The logic behind this limitation on “WILL” is to ensure that persons who depend on a dead person for care, before the death of the dead person are not left stranded and out of the property of their benefactor because of death. This ensures continuity of care and saves the society from some form of financial collapse. On the lighter side, it ensures that death does not terminate any care, so that even a dead person still continues his/her work of care, through any property he/she left behind. So, with this, a dead person cannot run away from his/her responsibilities rather he/she must finish his/her work; “You Must Finish Your Work Principle”.
Conclusion & Recommendation:
The essence of “WILL” is to manage and dispose the property of a dead person according to the wishes of the dead person. After all, if not for death, the dead person could have disposed his/her property according to his/her wish. The only most logical limitation/restriction to any disposal is that a person should only dispose what he or she does not own. One should not give what one doesn’t not own, whether living or dead.
However, some laws on “WILL” in states in Nigeria have placed other sorts of limitations on the powers and rights of a dead person to dispose his/her property through a “WILL”. In Lagos State and Oyo State, the valid “WILL” of a dead person can be modified by a court of law, simply because a wife/husband or child of the dead person validly argues that the “WILL” did not make reasonable provision for him/her. And, Oyo State has even expanded the list of persons that can make such argument, to include any wife or husband of the dead person, a child of the dead person, a parent, brother or sister of the dead person, where such persons were being taken care of by the dead person, just before the death of the dead person. Reasonable Financial Provision has been argued to mean adequate financial provisions according to the wealth of the dead person and the normal standard of living of his family members. This helps to avoid over night rich persons but to maintain an already existing life style.
By all lenses, the above discussed limitation is a clear violation of the rights of a living person that made a “WILL” by the time such person dies. Unfortunately, dead men don’t talk and have no rights. The limitation abuses the sacredness of “WILL” as the golden wishes of a dead person, that must be respected by all persons. It also makes it impossible for people to issue long lasting punishments through “WILL” to their family members, since such family members can apply for the “WILL” to be modified and for a reasonable financial provision to be made for the, contrary to the intentions of the “WILL”. Above all that has been aid, a law is a law, until the law is amended by the legislatures. Good and bad laws are the products of legislatures and those who seek change of bad laws, must embrace amendment and must approach the legislatures.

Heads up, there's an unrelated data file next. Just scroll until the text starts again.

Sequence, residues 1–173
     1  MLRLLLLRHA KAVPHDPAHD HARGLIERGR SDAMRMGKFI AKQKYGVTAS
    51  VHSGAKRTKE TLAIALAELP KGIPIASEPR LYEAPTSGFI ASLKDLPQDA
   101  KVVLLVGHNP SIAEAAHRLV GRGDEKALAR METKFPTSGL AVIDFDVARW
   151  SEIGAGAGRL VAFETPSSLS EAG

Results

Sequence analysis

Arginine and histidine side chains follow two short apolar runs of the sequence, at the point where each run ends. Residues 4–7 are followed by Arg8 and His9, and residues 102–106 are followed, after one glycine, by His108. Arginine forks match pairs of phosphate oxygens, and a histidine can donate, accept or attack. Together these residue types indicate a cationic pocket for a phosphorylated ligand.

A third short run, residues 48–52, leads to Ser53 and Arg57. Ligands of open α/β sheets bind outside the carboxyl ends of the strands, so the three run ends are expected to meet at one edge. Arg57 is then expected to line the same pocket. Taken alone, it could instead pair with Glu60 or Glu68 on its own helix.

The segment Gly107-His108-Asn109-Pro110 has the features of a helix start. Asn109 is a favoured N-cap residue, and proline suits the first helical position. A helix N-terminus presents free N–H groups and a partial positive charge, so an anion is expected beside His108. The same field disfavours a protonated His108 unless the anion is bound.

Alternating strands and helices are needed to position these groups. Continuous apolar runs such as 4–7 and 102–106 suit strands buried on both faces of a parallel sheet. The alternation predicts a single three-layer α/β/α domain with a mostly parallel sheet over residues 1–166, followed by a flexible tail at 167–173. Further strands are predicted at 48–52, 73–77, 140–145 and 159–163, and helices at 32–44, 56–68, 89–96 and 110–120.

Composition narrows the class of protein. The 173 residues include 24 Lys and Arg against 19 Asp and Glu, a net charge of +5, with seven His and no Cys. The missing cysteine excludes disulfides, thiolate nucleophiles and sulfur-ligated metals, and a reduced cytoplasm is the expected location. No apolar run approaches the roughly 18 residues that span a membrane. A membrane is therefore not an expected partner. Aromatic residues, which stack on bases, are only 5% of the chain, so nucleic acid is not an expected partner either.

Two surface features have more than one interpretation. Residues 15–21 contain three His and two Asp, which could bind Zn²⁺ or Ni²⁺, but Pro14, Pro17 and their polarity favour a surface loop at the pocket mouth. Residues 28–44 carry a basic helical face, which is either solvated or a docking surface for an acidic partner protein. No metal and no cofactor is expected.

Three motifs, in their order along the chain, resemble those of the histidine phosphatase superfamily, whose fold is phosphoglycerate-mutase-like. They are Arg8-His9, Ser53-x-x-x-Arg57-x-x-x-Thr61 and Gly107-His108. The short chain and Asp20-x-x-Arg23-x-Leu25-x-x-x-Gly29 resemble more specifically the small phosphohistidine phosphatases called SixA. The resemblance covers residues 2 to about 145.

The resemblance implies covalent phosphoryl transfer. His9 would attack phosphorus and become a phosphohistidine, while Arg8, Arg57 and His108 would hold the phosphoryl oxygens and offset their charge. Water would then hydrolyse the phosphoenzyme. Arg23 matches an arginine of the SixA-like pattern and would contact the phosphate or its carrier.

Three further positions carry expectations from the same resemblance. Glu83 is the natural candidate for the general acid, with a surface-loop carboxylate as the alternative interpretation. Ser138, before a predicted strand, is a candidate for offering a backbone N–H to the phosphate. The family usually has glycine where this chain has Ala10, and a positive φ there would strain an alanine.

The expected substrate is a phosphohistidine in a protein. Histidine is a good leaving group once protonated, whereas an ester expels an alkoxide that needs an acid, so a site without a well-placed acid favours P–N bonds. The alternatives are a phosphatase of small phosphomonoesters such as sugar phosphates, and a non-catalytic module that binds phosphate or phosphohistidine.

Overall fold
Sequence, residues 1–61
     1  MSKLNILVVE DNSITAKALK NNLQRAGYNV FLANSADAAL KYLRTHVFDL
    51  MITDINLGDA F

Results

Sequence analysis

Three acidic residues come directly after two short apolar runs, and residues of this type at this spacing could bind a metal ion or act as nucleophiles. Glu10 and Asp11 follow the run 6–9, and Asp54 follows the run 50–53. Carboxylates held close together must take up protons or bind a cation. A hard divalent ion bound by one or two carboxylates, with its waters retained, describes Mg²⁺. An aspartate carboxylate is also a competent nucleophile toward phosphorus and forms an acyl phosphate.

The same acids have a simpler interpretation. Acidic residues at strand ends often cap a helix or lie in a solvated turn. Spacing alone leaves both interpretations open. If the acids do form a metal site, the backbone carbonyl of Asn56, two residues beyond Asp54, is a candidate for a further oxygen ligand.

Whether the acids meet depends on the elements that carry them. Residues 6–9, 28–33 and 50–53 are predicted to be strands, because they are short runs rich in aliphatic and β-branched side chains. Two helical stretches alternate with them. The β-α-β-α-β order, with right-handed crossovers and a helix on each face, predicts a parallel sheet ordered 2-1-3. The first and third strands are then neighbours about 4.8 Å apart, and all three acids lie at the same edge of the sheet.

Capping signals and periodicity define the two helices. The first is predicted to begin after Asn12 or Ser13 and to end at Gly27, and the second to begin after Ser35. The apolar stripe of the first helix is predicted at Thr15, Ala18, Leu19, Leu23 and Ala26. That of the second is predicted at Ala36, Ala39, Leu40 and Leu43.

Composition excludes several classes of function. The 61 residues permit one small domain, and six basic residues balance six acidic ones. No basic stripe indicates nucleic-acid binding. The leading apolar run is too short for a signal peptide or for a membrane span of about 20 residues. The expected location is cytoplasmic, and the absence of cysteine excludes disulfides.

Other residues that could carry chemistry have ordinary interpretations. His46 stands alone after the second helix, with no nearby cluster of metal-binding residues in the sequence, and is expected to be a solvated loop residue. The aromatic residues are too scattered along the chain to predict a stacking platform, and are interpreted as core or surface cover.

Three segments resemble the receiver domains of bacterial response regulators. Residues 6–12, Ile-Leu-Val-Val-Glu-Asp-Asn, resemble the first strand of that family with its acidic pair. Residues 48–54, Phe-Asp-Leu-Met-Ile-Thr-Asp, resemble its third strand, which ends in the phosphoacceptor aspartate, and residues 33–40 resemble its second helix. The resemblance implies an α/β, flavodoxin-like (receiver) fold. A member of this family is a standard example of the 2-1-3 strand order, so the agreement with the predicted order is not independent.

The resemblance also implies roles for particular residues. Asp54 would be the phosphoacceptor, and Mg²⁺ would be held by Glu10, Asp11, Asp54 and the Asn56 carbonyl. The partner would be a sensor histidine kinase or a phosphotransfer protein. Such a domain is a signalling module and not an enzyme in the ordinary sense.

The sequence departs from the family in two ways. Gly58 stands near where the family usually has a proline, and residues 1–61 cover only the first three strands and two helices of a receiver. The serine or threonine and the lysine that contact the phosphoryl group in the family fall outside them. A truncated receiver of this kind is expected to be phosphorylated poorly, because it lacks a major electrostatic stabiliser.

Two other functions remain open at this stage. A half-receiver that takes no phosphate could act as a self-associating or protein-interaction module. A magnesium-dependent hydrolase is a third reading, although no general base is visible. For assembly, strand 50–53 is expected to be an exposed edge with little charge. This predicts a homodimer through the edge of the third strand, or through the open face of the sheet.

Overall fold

My authorities, are:
- Sections 1, 2, 3, 4, 5 and 6 of the Constitution of the Federal Republic of Nigeria, 1999.
- Sections 1, 2, 26 and 27 of the Wills Law of Lagos State, 1990 Cap W2 Laws of Lagos State 2004
- Sections 1, 2, 3, and 4 of the Wills Edict of Oyo State 1990
- The Jugement of the Supreme Court (on the history of Wills Act in Nigeria) in the case of IDEHEN & ORS v. IDEHEN & ORS. (1991) LPELR-1416(SC)
- Onyekachi Umah, “How To Recover Property Of The Dead In Nigeria. (A Legal Guide On Probate Matters In Nigeria)” (LearnNigerianLaws.com, 10 March 2016) <https://sabilaw.org/how-to-recover-property-of-the-dead/ > accessed 5 December 2020
- Obiora Atuegwu Egwuatu, “Limits Of A Testator On Freedom Of Will Testament” (nigerianlawguru,) <http://www.nigerianlawguru.com/articles/family%20law/LIMITS%20OF%20A%20TESTATOR%20ON%20FREEDOM%20OF%20WILL%20TESTAMENT.pdf > accessed 5 December 2020.
- Onyekachi Umah, “Requirements Of A Valid/Genuine Will” (LearnNigerianLaws.com, 13 July 2020) <https://sabilaw.org/requirements-of-a-valid-genuine-will-daily-law-tips-tip-608-by-onyekachi-umah-esq-ll-m-aciarbuk/ > accessed 5 December 2020.
- Onyekachi Umah, “Can An Inheritance Under A “Will” Be Rejected?” (LearnNigerianLaws.com, 6 May 2020)<https://sabilaw.org/can-an-inheritance-under-a-will-be-rejected-daily-law-tips-tip-563-by-onyekachi-umah-esq-llm-aciarbuk/ > accessed 5 December 2020
- Vanguard, “Full List Of All 371 Tribes In Nigeria, States Where They Originate” (Vanguard Newspaper, 10 May 2017)< https://www.vanguardngr.com/2017/05/full-list-of-all-371-tribes-in-nigeria-states-where-they-originate/> accessed 5 December 2020
- Onyekachi Umah, “He 4 Facts Courts Must Consider In Evaluating Expert Opinions On Handwriting And Signatures On Wills” (LearnNigerianLaws.com, 2 November 2019) <https://sabilaw.org/the-4-facts-courts-must-consider-in-evaluating-expert-opinions-on-handwriting-and-signatures-on-wills-daily-law-tips-tip-449-by-onyekachi-umah-esq-llm-aciarb-uk/ > accessed 5 December 2020
- Onyekachi Umah, “Acceptable Age For Making Of Wills In Nigeria” (LearnNigerianLaws.com, 25 April 2019) <https://sabilaw.org/acceptable-age-for-making-of-wills-in-nigeria-daily-law-tips-tip-318-by-onyekachi-umah-esq-llm-aciarb-uk/ > accessed 5 December 2020